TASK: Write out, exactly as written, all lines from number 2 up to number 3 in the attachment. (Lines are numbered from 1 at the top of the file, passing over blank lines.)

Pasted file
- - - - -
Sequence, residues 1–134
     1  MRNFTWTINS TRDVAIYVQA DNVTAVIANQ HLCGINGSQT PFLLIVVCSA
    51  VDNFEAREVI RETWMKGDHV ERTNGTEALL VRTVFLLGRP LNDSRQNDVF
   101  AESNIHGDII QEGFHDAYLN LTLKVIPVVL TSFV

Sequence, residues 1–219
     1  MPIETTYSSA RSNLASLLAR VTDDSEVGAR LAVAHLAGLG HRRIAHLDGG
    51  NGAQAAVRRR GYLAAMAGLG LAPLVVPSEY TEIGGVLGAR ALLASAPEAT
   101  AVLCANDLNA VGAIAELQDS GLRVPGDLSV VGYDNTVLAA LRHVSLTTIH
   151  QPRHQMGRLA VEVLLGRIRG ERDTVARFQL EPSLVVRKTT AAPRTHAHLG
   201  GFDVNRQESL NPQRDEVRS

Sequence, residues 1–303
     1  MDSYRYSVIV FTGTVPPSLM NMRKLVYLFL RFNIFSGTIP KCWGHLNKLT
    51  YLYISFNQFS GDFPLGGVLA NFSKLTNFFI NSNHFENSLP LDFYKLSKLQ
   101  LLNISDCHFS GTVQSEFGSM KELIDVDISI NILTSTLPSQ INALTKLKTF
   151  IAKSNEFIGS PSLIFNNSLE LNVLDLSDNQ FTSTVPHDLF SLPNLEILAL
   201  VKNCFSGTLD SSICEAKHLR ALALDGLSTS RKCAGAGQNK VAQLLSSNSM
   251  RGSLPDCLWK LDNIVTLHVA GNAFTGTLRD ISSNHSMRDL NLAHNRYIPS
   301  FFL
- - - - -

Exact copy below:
     1  MRNFTWTINS TRDVAIYVQA DNVTAVIANQ HLCGINGSQT PFLLIVVCSA
    51  VDNFEAREVI RETWMKGDHV ERTNGTEALL VRTVFLLGRP LNDSRQNDVF